The Six Day War was to change all that, utterly. And yet, for all its lasting consequences, there was nothing particularly unusual about the origin of the conflict. Like its predecessor, the Suez War of 1956, the war of 1967 is best regarded in the light in which Israel's generals saw it at the time: as unfinished business left over from the War of Independence. None of the parties to that earlier conflict was happy with the outcome, and all regarded the 1948 armistice as temporary. Although Israel had succeeded in expanding its borders beyond those of the original partition, it was still left with what were regarded, in the military calculations of the time, as virtually indefensible frontiers.
In the course of the early 1950s, the Egyptians encouraged guerrilla incursions across Israel's southern border, inviting regular retaliation from Israel, whose military had by 1955 decided to provoke Cairo into open conflict. In October 1956, taking advantage of Anglo-French alarm at Gamal Abdel Nasser's nationalist ambitions, Israel conspired with Paris and London to mount an attack on Egypt. Although initially successful, the campaign was cut short under pressure from Moscow and Washington. The European powers were humiliated, and Israel was obliged to withdraw back to the 1948 line.
In these circumstances Israel was as insecure and vulnerable as ever. Acknowledging this, the United States undertook to guarantee that the Straits of Tiran, leading from the Red Sea to Eilat, Israel's port on the Gulf of Aqaba, would henceforth be kept open.
In the meantime United Nations forces were to be stationed along the Egypt-Israel frontier, and also at Sharm-el-Sheikh, at the entrance to the Straits on the southeastern tip of the Sinai peninsula. Thereafter the Egyptian frontier was quiet, and it was Syria--whose Ba'athist leaders nursed ambitions to displace Nasser at the head of Arab radicalism--that emerged in the early 1960s as Israel's chief antagonist.
In addition to providing hospitality to Palestinian irregulars raiding across Israel's northeast borders or through Jordan, Damascus had various well-attested plans to divert the headwaters of the Jordan River. Largely for this reason, Israeli strategists had by 1967 come to regard Syria as the main short-term threat to national security. From the Golan Heights above the Sea of Galilee, Syria could and did target Israeli kibbutzim and villages; and it was a destabilizing influence on neighboring states, Jordan especially. Still, it was Nasser's Egypt that had by far the larger armed forces. Were Israel seriously to entertain going to war with Syria, it would inevitably have first to neutralize the threat from its historic enemy to the south.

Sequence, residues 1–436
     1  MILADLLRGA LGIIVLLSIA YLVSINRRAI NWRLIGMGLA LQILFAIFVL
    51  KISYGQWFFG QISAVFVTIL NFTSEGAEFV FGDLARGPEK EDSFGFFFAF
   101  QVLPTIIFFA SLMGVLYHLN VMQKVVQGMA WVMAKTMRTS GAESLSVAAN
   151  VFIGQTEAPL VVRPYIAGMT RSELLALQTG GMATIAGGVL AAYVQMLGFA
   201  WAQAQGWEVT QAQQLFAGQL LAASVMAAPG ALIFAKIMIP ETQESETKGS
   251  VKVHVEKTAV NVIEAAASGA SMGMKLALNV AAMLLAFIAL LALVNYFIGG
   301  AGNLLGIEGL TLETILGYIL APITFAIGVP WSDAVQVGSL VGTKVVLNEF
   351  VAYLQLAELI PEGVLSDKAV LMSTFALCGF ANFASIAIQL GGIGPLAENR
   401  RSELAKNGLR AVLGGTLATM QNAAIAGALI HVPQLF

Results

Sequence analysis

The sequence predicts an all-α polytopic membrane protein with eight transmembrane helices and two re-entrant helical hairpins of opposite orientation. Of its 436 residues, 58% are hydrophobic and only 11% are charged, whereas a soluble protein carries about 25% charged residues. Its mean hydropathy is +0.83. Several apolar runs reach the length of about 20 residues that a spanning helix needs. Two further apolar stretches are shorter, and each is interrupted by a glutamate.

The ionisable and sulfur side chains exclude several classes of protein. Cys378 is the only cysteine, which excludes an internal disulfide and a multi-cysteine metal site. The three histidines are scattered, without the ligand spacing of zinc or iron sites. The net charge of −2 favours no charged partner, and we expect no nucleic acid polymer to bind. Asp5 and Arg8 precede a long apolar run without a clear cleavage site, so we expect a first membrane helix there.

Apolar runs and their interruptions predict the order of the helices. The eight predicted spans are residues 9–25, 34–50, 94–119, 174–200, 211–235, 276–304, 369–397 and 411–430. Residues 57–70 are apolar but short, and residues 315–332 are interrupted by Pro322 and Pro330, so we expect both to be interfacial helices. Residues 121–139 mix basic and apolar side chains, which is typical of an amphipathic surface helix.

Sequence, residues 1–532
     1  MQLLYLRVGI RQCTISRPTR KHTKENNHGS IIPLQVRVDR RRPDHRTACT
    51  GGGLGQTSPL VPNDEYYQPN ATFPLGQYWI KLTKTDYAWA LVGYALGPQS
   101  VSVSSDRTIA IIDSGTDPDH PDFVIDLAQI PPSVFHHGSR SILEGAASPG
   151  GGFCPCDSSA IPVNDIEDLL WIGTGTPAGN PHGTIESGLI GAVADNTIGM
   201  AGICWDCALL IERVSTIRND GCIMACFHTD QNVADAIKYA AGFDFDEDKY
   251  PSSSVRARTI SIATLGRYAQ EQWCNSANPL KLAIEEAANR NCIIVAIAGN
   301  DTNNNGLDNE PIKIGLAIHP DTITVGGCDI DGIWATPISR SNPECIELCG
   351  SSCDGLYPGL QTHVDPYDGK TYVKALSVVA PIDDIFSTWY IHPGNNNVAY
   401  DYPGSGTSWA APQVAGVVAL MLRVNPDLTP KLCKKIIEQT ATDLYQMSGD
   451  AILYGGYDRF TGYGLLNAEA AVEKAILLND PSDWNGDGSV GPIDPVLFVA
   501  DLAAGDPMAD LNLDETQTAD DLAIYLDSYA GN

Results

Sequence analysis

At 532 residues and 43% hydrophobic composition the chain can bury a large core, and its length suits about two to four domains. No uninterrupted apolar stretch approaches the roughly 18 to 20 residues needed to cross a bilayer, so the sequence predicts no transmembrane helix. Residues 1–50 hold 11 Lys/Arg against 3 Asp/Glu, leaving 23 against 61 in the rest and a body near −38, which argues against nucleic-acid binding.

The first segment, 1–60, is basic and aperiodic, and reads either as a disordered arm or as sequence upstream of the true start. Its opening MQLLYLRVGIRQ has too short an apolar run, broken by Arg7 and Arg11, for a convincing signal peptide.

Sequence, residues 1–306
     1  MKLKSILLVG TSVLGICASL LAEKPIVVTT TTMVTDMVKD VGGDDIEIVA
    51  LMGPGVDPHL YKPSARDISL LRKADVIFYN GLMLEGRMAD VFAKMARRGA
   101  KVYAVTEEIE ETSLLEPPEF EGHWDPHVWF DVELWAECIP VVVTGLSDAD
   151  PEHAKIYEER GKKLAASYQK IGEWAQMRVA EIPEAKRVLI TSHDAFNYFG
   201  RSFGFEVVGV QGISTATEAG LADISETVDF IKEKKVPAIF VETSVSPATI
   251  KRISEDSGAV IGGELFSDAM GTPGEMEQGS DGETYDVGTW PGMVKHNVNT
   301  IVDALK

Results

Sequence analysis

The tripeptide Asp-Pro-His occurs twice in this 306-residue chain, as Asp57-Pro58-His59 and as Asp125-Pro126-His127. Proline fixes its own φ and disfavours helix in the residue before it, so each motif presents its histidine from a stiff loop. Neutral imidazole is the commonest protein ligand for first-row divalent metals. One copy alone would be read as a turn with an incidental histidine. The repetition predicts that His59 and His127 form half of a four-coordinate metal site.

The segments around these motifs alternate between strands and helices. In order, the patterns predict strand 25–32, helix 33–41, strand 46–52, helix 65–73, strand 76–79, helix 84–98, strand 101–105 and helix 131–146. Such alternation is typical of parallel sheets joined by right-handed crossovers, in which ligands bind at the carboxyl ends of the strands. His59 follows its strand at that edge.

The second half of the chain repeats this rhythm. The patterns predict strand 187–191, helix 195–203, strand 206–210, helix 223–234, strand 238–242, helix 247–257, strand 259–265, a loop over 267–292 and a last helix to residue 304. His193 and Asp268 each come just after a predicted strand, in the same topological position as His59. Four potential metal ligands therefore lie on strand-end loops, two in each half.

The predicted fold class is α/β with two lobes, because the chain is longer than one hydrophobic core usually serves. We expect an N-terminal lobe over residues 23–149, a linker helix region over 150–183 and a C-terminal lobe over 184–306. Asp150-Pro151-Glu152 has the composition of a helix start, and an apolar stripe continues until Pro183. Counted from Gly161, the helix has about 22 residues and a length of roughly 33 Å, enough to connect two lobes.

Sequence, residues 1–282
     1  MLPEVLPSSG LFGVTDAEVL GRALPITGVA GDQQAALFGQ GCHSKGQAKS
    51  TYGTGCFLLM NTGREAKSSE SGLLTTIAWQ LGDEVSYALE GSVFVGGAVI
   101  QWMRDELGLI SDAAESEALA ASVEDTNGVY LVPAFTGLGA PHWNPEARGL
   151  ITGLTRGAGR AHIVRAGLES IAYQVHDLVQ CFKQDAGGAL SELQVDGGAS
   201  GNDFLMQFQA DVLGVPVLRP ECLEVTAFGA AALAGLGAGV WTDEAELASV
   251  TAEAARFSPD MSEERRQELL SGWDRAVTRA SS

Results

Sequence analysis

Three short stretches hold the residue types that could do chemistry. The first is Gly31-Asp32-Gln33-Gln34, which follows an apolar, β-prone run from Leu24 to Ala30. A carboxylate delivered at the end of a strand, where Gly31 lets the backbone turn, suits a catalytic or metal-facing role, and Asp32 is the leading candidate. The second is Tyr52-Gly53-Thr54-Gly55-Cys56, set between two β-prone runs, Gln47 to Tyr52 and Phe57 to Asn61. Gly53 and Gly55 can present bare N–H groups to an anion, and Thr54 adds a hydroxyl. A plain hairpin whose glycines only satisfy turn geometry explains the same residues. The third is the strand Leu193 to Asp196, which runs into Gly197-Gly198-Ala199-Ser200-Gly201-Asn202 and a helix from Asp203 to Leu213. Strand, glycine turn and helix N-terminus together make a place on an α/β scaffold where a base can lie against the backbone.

There is good reason to believe now that the chain of events leading to the outbreak of war on June 5 began with at least a partial misunderstanding. Frustrated by Syrian obduracy and the continuing cross-border attacks on frontier kibbutzim, Israeli jets struck Syrian targets in the spring of 1967. In April, Israeli generals (including Chief of Staff Yitzhak Rabin) publicly threatened Damascus with worse to come if the border harassments did not stop. Rabin himself seems to have favored toppling the Syrian regime, but Prime Minister Levi Eshkol felt otherwise: Syria was a client state of the Soviet Union, and Eshkol had no desire to provoke the Russians. He was not alone in his assessment. The former Chief of Staff Moshe Dayan, not yet in the government, is quoted by Michael B. Oren as regretting Rabin's outburst: "He who sends up smoke signals has to understand that the other side might think there's really a fire."
And that, in effect, is what happened. Russian intelligence misconstrued Israeli intentions and secretly advised the Syrians that the Israelis were planning to attack--an interpretation given some plausibility by Rabin's broadcast threats, widely commented upon in the foreign press. The Syrians duly informed Cairo. Nasser had no immediate plans to go to war with Israel, for whose military he had a well-founded respect; but he felt constrained to offer public backing for Syria or else lose standing in the Arab world. In practice, such backing took the conventional and not unfamiliar form of bombastic public expressions of full support for Damascus and grand promises to confront Israel at some unspecified future date.